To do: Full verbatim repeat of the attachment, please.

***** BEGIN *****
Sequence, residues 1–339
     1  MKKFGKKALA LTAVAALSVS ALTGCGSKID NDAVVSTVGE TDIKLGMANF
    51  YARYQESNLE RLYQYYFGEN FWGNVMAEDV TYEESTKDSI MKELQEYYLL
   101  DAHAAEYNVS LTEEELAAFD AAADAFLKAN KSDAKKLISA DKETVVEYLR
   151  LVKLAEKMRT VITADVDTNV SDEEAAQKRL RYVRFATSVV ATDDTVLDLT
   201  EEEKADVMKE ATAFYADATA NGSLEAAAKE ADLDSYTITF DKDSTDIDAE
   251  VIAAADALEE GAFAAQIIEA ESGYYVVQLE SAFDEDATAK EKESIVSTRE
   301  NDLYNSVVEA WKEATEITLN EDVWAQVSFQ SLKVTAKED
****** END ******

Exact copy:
Sequence, residues 1–339
     1  MKKFGKKALA LTAVAALSVS ALTGCGSKID NDAVVSTVGE TDIKLGMANF
    51  YARYQESNLE RLYQYYFGEN FWGNVMAEDV TYEESTKDSI MKELQEYYLL
   101  DAHAAEYNVS LTEEELAAFD AAADAFLKAN KSDAKKLISA DKETVVEYLR
   151  LVKLAEKMRT VITADVDTNV SDEEAAQKRL RYVRFATSVV ATDDTVLDLT
   201  EEEKADVMKE ATAFYADATA NGSLEAAAKE ADLDSYTITF DKDSTDIDAE
   251  VIAAADALEE GAFAAQIIEA ESGYYVVQLE SAFDEDATAK EKESIVSTRE
   301  NDLYNSVVEA WKEATEITLN EDVWAQVSFQ SLKVTAKED